COVID-19 and it’s rapid spread globally led to President Cyril Ramaphosa announcing a National State of Disaster in response to the pandemic on Sunday, 15 March 2020, and outlining Government’s measures to contain the spread of the virus. Since then, businesses in South Africa have responded quickly and comprehensively. This week I have received e-mails from every service provider I engage with – from my medical aid to my WiFi provider to my favourite butchery – outlining the measures they have implemented to protect their staff and me, their valued customer.
Heavy emphasis is being placed on social distancing, with many (if not most) companies encouraging staff to work from home wherever possible. Some of my concerned service providers have been kind enough to support the Government’s education drive around COVID-19 by including guidelines for me to use in my private capacity as well.
And where working from home isn’t possible – as in the case of my favourite butcher – extra efforts to increase hygiene best practices, issue hand sanitizers and masks to staff, and keep a safe distance from customers who might need their shopping delivered are being implemented.
And that’s just the e-mail. There’s also been enormous activity on social media, with companies posting and sharing videos, articles, infographics and more to help educate people, not only about the virus but about how to work from home productively and without suffering the depression that can result from long periods of isolation.
SIDE NOTE TO INTROVERTS: You’re not immune to the negative effects of social isolation. Keep an eye on yourself for early warning signs.
All of this is encouraging. It’s reassuring to see companies rally like this to prevent the spread of COVID-19 and between 87 900 and 351 000 related deaths that could so easily bring our country to its knees. I applaud swift-acting leaders like this and the teams that have helped them roll out communications to clients and staff, as well as implement these important interventions.
COVID-19 and working from home
But then I hear stories from friends and acquaintances, and I start wondering how many company cultures are actually undermining the efforts of company leadership, instead of supporting them. I have many friends who received internal company communications similar to the ones I’ve received as a customer – drawing their attention to newly installed hand sanitizer dispensers at building entrances and exits and encouraging them to work from home.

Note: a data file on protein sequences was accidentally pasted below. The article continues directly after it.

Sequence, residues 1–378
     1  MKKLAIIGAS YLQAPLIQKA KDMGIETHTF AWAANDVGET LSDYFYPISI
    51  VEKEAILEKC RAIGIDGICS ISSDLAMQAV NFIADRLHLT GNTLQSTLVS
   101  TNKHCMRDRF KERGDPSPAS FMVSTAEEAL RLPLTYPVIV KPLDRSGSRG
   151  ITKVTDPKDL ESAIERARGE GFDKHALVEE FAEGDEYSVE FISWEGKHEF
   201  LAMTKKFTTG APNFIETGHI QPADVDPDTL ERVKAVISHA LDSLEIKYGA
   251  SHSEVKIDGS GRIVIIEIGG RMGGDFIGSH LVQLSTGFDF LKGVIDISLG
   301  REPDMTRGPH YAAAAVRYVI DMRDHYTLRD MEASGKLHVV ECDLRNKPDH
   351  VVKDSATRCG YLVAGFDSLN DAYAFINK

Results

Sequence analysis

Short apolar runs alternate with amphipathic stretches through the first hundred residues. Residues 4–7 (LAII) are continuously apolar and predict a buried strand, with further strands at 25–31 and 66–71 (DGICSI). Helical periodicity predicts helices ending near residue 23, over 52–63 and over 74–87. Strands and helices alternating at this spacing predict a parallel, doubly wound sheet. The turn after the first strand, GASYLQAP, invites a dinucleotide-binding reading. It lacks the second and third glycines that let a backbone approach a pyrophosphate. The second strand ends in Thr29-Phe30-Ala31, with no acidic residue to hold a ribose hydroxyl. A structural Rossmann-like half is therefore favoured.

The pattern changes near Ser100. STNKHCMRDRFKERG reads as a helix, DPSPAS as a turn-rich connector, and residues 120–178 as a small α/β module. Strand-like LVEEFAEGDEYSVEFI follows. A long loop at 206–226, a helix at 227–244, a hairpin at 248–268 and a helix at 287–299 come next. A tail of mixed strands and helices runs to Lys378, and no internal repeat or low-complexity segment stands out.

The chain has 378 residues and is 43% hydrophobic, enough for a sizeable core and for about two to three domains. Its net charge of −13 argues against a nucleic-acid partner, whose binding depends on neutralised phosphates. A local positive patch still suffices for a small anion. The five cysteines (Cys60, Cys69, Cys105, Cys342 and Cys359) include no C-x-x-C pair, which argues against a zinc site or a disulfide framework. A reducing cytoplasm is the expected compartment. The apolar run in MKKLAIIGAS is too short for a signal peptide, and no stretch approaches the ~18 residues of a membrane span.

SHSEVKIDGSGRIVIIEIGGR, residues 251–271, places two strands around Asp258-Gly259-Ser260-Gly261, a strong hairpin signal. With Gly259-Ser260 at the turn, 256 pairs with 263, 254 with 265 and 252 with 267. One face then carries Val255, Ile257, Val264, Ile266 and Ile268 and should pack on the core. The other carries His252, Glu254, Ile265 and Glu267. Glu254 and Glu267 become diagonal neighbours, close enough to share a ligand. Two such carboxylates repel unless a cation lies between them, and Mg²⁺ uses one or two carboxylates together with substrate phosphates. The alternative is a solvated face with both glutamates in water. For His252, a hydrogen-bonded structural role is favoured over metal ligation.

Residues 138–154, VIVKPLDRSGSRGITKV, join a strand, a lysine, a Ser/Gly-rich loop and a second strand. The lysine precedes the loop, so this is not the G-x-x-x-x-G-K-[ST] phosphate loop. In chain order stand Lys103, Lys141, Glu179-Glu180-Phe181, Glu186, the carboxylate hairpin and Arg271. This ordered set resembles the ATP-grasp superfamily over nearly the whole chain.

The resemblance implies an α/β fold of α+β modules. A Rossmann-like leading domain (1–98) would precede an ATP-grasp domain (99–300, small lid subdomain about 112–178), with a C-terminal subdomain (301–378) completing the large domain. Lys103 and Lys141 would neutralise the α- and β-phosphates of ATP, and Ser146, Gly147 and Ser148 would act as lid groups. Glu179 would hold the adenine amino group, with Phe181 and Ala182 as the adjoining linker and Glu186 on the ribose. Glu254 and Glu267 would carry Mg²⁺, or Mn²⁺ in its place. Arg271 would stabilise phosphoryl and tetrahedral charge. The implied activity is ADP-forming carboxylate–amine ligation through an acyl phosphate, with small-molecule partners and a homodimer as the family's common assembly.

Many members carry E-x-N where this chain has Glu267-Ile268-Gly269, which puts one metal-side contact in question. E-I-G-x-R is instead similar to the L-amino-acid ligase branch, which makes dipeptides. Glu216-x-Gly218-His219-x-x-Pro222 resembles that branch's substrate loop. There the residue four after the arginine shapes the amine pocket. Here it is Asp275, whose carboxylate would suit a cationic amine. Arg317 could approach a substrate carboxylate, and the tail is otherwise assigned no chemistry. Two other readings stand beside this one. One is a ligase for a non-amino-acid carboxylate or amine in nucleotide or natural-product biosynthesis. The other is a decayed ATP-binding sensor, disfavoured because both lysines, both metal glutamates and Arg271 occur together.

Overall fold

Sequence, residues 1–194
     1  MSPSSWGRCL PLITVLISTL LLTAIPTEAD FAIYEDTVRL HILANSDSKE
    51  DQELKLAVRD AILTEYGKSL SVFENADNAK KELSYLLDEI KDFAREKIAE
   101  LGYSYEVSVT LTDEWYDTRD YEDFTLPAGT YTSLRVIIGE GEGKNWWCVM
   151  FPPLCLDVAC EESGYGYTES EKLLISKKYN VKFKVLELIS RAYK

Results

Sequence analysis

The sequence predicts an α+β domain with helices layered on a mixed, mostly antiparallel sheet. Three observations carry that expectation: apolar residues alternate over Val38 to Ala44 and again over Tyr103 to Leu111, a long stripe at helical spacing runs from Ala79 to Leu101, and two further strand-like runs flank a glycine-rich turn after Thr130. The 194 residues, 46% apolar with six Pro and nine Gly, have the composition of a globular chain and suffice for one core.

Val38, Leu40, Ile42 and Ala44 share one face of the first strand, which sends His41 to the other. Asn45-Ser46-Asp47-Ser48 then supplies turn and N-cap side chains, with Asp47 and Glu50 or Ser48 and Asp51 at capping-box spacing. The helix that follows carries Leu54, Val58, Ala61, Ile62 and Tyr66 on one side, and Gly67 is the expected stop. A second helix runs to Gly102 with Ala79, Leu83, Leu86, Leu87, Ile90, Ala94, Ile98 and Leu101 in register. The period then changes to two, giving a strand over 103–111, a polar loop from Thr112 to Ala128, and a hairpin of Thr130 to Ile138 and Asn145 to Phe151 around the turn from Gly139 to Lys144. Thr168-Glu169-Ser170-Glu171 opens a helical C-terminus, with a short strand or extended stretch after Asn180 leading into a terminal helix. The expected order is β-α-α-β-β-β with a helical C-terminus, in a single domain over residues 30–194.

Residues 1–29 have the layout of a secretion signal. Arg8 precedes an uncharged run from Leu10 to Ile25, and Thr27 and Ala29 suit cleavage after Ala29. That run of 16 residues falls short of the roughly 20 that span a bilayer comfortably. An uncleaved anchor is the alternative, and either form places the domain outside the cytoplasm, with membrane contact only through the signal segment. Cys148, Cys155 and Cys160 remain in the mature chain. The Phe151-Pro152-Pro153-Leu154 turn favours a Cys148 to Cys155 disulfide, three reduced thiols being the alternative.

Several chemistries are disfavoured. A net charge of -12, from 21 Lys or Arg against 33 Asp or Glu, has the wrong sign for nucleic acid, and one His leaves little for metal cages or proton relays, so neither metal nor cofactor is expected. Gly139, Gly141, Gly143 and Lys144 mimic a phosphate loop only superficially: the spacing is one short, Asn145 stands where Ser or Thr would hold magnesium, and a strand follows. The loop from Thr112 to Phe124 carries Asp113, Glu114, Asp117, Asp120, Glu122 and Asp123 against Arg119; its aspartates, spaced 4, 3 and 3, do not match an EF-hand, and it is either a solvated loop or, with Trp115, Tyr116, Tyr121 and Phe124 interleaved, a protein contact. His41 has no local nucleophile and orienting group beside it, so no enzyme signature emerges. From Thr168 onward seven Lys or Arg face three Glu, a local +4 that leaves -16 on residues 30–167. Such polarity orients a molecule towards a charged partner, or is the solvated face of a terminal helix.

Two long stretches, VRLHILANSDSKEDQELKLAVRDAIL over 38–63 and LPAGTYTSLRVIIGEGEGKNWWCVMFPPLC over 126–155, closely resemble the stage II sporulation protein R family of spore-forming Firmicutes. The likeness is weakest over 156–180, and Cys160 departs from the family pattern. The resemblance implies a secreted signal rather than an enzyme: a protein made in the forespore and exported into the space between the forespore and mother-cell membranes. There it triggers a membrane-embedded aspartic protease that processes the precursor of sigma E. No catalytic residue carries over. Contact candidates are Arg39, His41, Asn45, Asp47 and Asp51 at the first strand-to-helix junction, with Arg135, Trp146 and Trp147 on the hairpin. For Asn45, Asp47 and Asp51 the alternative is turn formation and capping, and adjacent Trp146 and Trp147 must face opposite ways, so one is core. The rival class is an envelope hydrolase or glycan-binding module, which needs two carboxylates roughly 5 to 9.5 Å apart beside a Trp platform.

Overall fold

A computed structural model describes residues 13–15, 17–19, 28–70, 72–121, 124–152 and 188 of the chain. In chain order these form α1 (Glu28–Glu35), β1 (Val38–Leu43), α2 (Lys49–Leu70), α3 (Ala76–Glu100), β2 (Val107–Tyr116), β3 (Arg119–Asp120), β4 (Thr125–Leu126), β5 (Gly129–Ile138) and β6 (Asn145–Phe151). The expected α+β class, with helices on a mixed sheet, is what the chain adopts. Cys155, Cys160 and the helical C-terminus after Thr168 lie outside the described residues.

But instead of allowing people to work from home, managers are insisting that employees’ current workloads are too important and that they have to be in the office to deliver on their deadlines. I’ve even heard of a case in which an employee contacted HR to inform them that they would be self-isolating, as they had been in contact with an infected person. HR responded that they would have to take unpaid leave during their self-quarantine.
And in all these instances, this has been despite the fact that my friends and acquaintances could perform their work just as well from home as in the office. They also have all the equipment and software – laptop, Skype, high-speed WiFi, online project management tools like Microsoft Teams – that they would need to keep in touch with their team members and stay on top of their workload.
Industrial era management style undermining the COVID-19 effort
I understand that it can be difficult for managers to trust employees to work productively and well at home. It’s a mindset shift we know companies struggle with, and something those of us that are involved in trying to help companies shift their cultures towards better employee engagement have been trying to address for years. But if now is not the time to put industrial era management thinking aside for the greater good, when will it be time?
To those companies that have responded quickly, decisively and appropriately to the COVID-19 pandemic, like my favourite butcher has, I thank you. For taking my health and that of your people seriously.
To those who may have a culture problem that is undermining your best efforts – now is the time to insist on change.